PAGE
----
Business

Iguanas at resorts spark new interest

By LITIA MATHEWSELL Initially feared extinct on the island, recent sightings of Fiji crested iguanas on MaloloLevu in the Mamanuca Islands have sparked interest amongst resort stakeholders. The first sighting
15 Aug 2012 10:18

By LITIA MATHEWSELL

Ahura Resorts group general manager and Mamanuca Environment Society treasurer Steve Anstey with the crested iguana named Malolo at Likuliku Lagoon Resort. Photo: Courtesy of the MAMANUCA ENVIRONMENT SOCIETY

Initially feared extinct on the island, recent sightings of Fiji crested iguanas on MaloloLevu in the Mamanuca Islands have sparked interest amongst resort stakeholders.
The first sighting of the endangered iguanas in January last year was followed by another discovery at Malolo Island Resort, with the pair named Malolo and Likuliku by resort staff.
Mamanuca Environment Society(MES) treasurer and Ahura Resorts group general manager, Steve Anstey, said the re-emergence of the iguanas had them excited, with the discovery transforming their perspective and the scope of their environmental issues.
“The Fiji Crested Iguanas are actually on the same level as the panda bear in terms of extinction and people don’t realise how important these creatures are,” he said.
“They are fascinating animals, prehistoric in many ways and we should be taking every effort to preserve them.”
Hopeful for more discoveries of the delicate creatures, MES is optimistic about launching a breeding programme to ease the transit of the iguanas to their natural habitats.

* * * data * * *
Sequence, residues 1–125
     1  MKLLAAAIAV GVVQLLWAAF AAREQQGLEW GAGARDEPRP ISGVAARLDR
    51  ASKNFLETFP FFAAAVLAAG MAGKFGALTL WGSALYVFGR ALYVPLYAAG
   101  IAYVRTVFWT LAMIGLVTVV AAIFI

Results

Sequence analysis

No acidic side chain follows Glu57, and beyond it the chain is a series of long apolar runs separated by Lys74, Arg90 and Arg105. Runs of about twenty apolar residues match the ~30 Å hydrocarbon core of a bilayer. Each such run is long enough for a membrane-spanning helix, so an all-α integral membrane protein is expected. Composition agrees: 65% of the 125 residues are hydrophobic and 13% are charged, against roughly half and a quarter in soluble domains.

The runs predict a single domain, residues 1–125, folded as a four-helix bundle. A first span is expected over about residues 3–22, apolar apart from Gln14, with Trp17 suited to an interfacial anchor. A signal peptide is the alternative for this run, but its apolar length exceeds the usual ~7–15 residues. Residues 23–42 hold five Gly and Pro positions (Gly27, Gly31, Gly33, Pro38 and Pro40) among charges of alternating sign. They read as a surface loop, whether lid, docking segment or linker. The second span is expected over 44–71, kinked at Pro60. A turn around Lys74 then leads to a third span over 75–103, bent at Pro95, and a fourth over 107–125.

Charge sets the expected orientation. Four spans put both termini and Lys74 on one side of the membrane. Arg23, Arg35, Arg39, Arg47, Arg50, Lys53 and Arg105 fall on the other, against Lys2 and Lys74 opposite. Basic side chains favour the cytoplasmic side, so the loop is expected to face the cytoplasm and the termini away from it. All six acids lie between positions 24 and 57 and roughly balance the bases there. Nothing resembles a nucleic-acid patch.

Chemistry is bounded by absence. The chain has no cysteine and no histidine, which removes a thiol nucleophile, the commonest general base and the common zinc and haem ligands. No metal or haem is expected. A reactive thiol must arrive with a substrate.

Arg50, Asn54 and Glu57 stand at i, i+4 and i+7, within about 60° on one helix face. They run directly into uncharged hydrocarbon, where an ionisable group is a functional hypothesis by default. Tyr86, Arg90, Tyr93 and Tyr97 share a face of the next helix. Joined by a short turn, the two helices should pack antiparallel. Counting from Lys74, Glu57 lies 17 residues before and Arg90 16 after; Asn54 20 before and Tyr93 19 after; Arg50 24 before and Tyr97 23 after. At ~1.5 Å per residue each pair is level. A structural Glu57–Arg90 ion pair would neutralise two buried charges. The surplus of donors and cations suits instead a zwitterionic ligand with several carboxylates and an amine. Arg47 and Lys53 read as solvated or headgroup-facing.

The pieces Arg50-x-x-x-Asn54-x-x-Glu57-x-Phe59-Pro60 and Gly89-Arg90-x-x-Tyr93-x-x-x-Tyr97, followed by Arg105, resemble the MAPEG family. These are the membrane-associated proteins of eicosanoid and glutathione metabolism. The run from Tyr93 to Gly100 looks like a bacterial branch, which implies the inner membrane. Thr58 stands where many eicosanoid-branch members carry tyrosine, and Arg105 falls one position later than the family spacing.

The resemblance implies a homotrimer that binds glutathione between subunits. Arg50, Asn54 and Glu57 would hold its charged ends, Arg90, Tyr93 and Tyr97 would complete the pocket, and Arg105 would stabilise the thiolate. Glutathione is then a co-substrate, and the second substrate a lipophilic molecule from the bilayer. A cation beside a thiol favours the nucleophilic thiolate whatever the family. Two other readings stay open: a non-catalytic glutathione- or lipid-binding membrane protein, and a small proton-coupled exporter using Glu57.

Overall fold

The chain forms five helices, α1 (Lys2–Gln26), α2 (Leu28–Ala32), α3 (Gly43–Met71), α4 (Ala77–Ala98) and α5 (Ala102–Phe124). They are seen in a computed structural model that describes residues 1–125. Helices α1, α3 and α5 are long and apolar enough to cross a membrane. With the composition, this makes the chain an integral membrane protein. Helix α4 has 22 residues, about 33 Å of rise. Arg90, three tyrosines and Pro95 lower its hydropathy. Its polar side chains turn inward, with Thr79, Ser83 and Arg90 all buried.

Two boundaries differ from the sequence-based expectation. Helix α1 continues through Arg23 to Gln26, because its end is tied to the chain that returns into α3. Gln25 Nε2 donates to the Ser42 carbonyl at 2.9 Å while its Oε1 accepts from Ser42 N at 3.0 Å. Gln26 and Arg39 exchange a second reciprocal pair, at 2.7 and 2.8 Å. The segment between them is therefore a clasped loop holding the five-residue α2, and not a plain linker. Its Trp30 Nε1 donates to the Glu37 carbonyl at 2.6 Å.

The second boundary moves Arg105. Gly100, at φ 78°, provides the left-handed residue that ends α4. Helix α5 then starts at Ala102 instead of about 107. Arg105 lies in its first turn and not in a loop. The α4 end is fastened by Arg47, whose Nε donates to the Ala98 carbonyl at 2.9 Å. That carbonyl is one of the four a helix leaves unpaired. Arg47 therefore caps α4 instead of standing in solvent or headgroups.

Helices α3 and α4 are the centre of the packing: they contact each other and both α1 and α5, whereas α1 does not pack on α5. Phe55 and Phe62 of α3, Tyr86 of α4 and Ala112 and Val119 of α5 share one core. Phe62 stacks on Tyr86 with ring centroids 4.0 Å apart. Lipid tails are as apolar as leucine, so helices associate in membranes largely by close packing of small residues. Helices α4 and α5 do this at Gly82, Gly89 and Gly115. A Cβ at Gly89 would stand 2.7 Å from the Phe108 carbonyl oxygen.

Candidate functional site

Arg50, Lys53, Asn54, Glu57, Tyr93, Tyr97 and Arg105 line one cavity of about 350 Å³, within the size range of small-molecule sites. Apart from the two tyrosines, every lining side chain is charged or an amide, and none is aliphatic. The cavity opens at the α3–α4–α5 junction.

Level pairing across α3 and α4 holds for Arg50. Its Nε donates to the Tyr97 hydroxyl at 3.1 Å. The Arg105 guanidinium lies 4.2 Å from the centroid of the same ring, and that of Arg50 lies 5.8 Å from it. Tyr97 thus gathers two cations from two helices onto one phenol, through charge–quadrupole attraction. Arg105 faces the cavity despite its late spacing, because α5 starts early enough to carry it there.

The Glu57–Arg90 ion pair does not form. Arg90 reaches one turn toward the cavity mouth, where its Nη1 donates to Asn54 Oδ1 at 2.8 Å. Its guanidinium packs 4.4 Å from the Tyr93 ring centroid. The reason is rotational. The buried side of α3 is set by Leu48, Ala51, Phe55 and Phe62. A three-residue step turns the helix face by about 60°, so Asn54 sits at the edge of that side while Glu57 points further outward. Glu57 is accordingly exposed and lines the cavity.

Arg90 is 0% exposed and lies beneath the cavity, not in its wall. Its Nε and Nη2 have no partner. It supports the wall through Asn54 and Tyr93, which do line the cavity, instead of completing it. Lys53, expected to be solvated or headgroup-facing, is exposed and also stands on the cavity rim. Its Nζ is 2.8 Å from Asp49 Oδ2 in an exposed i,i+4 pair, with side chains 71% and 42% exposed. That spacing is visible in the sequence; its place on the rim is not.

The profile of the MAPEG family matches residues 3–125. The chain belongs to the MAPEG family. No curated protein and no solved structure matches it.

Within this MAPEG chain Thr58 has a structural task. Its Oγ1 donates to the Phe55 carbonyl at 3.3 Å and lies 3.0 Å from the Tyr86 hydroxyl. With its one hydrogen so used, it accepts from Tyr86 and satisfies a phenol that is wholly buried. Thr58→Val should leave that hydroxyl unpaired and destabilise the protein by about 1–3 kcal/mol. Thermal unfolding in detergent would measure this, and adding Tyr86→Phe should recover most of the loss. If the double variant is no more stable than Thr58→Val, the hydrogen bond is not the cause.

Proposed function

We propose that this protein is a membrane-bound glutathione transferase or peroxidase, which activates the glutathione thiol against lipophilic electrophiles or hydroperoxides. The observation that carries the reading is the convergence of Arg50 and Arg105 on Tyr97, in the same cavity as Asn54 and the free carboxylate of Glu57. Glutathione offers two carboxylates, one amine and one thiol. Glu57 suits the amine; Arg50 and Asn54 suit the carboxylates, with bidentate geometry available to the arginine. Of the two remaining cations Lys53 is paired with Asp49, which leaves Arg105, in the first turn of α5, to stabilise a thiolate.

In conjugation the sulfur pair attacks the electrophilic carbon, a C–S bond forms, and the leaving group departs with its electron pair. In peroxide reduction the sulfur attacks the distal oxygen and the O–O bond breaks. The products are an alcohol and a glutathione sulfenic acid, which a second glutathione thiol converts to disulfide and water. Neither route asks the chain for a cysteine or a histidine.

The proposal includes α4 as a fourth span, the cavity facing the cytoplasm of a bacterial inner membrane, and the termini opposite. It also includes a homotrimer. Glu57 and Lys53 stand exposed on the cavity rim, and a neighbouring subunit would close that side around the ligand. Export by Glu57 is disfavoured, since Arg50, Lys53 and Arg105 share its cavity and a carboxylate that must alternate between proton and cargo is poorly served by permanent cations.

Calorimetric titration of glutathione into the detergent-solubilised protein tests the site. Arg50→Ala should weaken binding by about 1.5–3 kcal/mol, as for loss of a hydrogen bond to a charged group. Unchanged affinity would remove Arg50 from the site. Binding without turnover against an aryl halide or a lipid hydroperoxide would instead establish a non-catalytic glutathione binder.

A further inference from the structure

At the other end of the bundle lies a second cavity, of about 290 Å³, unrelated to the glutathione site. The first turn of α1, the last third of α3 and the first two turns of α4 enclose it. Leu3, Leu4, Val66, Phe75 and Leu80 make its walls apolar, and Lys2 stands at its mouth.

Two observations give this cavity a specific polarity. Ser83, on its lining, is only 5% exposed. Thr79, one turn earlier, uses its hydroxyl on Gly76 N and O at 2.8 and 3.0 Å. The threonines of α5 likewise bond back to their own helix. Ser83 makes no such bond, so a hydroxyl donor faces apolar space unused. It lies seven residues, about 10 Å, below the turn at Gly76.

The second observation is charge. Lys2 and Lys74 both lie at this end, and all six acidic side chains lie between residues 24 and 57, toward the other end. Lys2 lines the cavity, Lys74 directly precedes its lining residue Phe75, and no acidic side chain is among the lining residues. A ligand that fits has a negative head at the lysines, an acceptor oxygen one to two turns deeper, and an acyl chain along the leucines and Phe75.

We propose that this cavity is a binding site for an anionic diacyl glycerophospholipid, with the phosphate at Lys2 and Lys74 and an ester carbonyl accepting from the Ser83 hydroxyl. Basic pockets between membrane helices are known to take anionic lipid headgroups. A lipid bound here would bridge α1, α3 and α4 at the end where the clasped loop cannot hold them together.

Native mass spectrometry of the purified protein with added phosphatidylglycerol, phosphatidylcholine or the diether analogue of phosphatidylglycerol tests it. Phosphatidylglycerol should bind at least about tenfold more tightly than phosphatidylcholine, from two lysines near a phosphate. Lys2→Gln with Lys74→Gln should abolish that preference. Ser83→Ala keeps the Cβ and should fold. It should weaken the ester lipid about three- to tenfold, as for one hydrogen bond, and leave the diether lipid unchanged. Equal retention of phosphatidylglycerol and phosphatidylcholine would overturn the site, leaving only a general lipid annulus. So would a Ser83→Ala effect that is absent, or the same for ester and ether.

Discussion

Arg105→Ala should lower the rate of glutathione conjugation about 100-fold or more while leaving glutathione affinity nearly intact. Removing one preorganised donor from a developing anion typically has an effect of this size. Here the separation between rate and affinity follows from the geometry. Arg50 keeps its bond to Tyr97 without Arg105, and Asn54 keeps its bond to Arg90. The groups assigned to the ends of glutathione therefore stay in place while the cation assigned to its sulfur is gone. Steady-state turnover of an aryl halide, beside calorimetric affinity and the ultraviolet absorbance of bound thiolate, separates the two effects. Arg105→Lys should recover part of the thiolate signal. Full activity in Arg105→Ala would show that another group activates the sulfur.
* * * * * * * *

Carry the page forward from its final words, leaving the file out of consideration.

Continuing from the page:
Mr Anstey said iguanas were known to inhabit less-populated islands like Monuriki .
He said and a number of factors had contributed to their decline over the years, beginning with the loss of dry forests in the Mamanuca group.
‘’Remnants of the dry forest remain in isolated pockets and in island gullies. The dry forest ironically enough is also one of the most endangered eco-systems in the world.”
Mr Anstey said the contention for food brought by introduced goats and wild cats had a terrible effect on iguana numbers.
They are now working closely with personnel from the Sigatoka-based Kula Eco Park, San Diego Zoo and Sydney’s Taronga Zoo to help raise the iguanas, with members from each centre recently visiting Malolo Levu for assessments, DNA samples and tallies of more possible adult populations.




Fiji Sun Instagram
Fiji Plus
Subscribe-to-Newspaper
error: